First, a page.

Nature crafts many molecules from common precursors, but this approach isn't always possible in chemical synthesis. A strategy for synthesizing a family of natural products succeeds by ignoring nature's blueprint. See Article p.461
Polyphenols are a group of structurally diverse compounds found in fruits, vegetables and plant-based food products such as tea, wine and chocolate. Because many polyphenols are antioxidants, they have been acclaimed as natural health-protecting agents, although the benefits to humans have yet to be proven. Nevertheless, some polyphenols have biological activities that make them potentially useful leads in the search for drugs against illnesses such as heart disease, cancer and Alzheimer's disease. Pharmaceutical research has been thwarted, however, by the fact that the most complex polyphenols are available from their natural sources in only limited quantities.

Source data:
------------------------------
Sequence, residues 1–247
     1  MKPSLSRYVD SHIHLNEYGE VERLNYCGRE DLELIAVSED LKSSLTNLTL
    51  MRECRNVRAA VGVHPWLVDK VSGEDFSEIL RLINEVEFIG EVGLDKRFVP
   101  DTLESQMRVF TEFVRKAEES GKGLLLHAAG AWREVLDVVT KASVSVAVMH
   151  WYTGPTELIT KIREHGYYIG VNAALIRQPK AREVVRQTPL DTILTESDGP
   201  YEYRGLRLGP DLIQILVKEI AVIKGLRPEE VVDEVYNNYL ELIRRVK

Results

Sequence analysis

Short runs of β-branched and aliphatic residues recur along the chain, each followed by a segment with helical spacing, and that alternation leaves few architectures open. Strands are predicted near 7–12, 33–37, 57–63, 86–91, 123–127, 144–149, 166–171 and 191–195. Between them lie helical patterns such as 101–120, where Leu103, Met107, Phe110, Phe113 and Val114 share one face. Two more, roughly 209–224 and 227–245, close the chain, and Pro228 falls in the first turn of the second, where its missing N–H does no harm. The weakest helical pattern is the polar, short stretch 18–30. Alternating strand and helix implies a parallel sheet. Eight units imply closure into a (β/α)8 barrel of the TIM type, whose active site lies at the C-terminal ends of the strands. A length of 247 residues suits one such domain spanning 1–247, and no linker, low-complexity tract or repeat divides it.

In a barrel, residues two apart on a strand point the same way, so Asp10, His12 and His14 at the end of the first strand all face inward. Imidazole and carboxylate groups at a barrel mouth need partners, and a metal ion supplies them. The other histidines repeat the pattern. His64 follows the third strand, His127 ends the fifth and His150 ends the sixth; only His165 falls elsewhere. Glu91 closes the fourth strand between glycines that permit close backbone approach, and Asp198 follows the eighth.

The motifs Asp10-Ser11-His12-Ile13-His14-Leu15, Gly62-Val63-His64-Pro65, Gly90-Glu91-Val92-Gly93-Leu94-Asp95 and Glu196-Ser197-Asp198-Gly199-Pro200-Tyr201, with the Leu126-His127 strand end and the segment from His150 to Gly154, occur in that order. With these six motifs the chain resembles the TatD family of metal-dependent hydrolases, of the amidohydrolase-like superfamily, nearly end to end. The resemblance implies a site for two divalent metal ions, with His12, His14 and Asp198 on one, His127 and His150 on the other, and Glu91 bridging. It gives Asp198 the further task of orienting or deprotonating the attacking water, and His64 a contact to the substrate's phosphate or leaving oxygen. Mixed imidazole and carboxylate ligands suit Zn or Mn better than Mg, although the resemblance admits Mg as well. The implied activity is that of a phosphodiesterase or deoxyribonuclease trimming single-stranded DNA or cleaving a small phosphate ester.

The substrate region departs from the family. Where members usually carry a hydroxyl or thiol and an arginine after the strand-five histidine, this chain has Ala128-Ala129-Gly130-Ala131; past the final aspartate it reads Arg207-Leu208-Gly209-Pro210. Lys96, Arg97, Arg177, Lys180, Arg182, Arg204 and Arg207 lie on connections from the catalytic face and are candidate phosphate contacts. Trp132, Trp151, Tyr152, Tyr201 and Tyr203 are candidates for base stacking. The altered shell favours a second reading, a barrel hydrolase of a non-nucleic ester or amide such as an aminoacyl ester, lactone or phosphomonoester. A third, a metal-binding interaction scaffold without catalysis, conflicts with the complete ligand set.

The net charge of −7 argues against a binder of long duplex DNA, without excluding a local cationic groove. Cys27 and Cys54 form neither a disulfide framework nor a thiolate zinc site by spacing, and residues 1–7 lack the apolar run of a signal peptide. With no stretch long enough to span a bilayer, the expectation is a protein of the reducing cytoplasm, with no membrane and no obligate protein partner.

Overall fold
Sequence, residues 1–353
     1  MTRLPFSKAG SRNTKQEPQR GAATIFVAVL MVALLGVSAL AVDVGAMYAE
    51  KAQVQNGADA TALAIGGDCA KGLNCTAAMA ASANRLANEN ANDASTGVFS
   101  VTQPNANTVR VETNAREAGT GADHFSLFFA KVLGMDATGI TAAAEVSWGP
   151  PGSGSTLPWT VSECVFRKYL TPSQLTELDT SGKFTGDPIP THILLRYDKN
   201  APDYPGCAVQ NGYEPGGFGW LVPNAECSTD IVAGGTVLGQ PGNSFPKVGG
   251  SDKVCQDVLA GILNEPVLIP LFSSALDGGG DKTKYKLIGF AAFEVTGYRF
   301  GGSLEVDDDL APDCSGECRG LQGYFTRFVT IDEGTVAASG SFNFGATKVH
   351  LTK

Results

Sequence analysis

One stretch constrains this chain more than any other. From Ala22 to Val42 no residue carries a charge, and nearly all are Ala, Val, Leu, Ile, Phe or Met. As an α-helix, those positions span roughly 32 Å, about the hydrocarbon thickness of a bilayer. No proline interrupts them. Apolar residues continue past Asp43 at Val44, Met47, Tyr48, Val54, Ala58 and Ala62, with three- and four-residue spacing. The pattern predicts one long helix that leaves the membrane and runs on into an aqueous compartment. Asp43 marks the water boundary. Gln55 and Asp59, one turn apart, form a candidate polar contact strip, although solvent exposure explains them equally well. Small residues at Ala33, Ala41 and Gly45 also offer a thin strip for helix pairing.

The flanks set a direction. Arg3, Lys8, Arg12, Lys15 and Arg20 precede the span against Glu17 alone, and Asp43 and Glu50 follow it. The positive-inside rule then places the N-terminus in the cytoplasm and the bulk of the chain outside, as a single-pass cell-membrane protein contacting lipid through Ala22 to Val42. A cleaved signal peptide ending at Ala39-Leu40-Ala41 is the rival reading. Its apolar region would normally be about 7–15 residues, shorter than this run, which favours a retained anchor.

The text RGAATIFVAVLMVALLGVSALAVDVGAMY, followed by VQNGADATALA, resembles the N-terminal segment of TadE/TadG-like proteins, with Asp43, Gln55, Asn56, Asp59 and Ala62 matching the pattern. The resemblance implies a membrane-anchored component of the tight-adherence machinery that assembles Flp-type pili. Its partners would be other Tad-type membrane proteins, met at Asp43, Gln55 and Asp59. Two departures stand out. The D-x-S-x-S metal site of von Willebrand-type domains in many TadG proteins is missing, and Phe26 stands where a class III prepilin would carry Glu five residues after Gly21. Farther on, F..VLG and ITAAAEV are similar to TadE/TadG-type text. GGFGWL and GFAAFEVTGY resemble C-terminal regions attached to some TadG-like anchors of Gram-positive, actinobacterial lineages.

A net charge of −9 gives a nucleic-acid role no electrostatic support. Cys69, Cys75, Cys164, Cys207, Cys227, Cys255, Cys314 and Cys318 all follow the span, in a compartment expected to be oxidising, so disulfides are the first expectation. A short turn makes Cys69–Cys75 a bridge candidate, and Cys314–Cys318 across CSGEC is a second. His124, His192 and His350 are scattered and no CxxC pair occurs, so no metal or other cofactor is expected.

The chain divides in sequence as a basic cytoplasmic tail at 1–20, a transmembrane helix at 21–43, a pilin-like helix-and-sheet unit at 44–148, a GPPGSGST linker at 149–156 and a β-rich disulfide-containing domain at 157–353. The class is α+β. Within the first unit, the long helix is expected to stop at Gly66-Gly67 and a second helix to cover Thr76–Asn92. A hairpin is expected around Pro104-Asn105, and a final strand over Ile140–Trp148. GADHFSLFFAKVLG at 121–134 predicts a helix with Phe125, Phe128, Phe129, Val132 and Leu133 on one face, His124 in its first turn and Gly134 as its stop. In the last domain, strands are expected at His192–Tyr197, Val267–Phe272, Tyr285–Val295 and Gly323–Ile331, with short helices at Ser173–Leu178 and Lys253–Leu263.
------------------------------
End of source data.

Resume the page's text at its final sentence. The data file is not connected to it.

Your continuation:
An obvious solution would be to prepare large quantities of polyphenols using chemical synthesis. This might seem a trivial task, given that many polyphenols are oligomers derived from just one or two precursor molecules, of which resveratrol (Fig. 1) is perhaps the best-known example. In fact, the structural complexity of resveratrol oligomers makes their chemical synthesis a daunting challenge. But on page 461 of this issue, Snyder et al.1 describe a major advance in polyphenol research: a daring but clever synthetic strategy that has enabled them to prepare a series of resveratrol trimers and tetramers — the highest-order resveratrol oligomers prepared to date.